Antitrust and some other mumps claims against Merck proceed

Merck’s motion to dismiss claims of falsifying mumps vaccine efficacy denied, allowing whistleblower case to move forward

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ALLENTOWN, Pa.—In an issue of the mumps portion of Merck’s MMR vaccine being “good” but not “good enough”—or, more specifically, perhaps not being nearly as good as the company has maintained over the years—the pharma giant now faces a threat to its control of the mumps vaccination market after a federal court ruling Sept. 5.
Issuing a single opinion in two related suits—United States v. Merck & Co. and Chatom Primary Care v. Merck & Co.—a judge in the U.S. District Court for the Eastern District of Pennsylvania has upheld antitrust claims brought against Merck in a qui tam suit and related class action over the company's testing and government sales of its mumps vaccine. The Friday ruling overcomes Merck’s motions to dismiss and will allow claims against it to proceed to trial.
The first suit, a whistleblower case, was filed in Pennsylvania in 2010 but sealed until 2012, and had been brought under the False Claims Act by two Merck virologists, Joan Wlochowski and Stephen Krahling. The second suit is a class action filed mere days after the unsealing of the whistleblower case and maintains that Merck violated the Sherman Anti-Trust Act by falsifying the efficacy of its mumps vaccine, one of the claims of that case being that such actions discouraged or prevented other companies from bringing rival mumps vaccines to market.
U.S. District Judge C. Darnell Jones II found with regard to the first case, the qui tam action, that a fraud-on-the-FDA theory through a False Claims Act suit can proceed, noting, “Plaintiffs have argued sufficient facts to sustain a claim for proximate causation, detailing the significant barriers that other companies would face to enter the mumps vaccine market.”
His opinion on the second case, the class action suit, was more favorable to Merck, though, in that he dismissed the class action's claims under the laws of 22 states which were filed, except for some of involving New York and New Jersey law.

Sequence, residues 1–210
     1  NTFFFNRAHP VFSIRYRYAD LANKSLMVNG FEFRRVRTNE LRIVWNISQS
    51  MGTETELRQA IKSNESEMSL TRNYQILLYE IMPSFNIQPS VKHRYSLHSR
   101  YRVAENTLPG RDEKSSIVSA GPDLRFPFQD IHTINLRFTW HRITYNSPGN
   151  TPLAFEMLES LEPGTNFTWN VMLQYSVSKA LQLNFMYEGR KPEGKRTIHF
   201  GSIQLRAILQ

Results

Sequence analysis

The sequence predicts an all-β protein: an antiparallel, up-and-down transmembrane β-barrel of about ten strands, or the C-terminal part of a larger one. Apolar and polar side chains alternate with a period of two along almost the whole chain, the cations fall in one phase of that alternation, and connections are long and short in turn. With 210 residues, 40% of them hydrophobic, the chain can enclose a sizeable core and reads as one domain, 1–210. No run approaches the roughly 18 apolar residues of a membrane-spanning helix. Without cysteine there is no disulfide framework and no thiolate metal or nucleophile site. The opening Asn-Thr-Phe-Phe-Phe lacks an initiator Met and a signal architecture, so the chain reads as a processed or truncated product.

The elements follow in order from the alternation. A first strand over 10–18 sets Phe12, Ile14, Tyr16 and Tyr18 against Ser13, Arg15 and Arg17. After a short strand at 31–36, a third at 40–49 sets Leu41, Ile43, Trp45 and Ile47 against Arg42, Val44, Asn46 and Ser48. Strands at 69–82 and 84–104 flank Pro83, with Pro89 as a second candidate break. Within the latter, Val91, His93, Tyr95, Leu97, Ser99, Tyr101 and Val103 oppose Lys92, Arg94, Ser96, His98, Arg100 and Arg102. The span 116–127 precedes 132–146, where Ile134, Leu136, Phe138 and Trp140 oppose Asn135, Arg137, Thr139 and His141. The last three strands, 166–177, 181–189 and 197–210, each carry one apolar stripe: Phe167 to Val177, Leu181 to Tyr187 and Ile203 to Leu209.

A spokesperson for law firm Robins, Kaplan, Miller & Ciresi L.L.P.—one of the firms involved with suing Merck—contacted DDNews via email on the day of Jones’ ruling to point out that “there have been two historic mumps outbreaks in the U.S. among vaccinated populations in just the last decade. With a third mumps outbreak currently underway in the U.S. … Robins, Kaplan, Miller & Ciresi L.L.P. today achieved a significant victory against pharmaceutical stalwart Merck. The U.S. District Court for the Eastern District of Pennsylvania upheld the firm’s federal antitrust claims, and state consumer protection claims, against Merck for falsifying test data and misrepresenting the efficacy of its mumps vaccine, ultimately discouraging other providers from entering the market with competing products and breaking up Merck’s monopoly.
“Plaintiffs in the case allege that Merck fraudulently represented that its mumps vaccine has an efficacy rate of 95 percent or higher, when in truth, Merck has taken affirmative steps to conceal—by using improper testing techniques and falsifying test data—that the efficacy rate of its mumps vaccine is significantly lower than 95 percent.”
Kellie Lerner, a partner at Robins, Kaplan, Miller & Ciresi, who serves as co-lead counsel on behalf of direct purchasers of the mumps vaccine, added in an email statement, “We are pleased that the court has upheld our federal antitrust claim in this important case. While Merck has enjoyed an exclusive monopoly on the sale of mumps vaccine in the United States, mumps outbreaks continue to occur because, as we allege in our lawsuit, Merck has misled the public about the vaccine’s efficacy.  This decision brings us one step closer to shining a light on Merck’s deceptive business practices so that new and more effective vaccines will ultimately be developed in the future.”
So far, Merck has been quiet on the latest ruling, though presumably it still maintains its innocence, and in 2012, the company said the qui tam lawsuit was “without merit and the company intends to vigorously defend itself in court.” Merck has claimed that the vaccine’s ability to prevent disease remains the same, and said that “MMR-II continues to be recommended for routine administration to childen by public health authorities around the world … Nothing is more important to Merck than the safety and effectiveness of our vaccines and medicines and the people who use them. It’s important to understand that none of the allegations in the complaint relate to the safety of MMR-II, and we remain confident that MMR-II helps protect against measles, mumps and rubella as described in the labeling for the vaccine.”
The whistleblowers who gave rise to the antitrust case claim to have witnessed Merck management give instructions to staff to withhold information about failure rates regarding the mumps portion of the MMR vaccine before selling it to the U.S. government. Merck maintained that the mumps vaccine had a 95-percent efficacy rate, even during epidemic mumps outbreaks of 2006 and 2009 in highly vaccinated populations—a rate reportedly attained by basing efficacy tests not on wild mumps but rather on Merck's own vaccine strain of the disease.
On its website page outlining its history and legacy with regard to vaccines, Merck quotes Dr. Julie Gerberding, president of Merck Vaccines and former director of the U.S. Centers for Disease Control and Prevention as saying, “Vaccines are a powerful force of health and health development, and their globalization is not just a business necessity but a public health obligation. Merck is on a mission to ensure that more people can access our vaccines, regardless of where they live or their financial circumstances."

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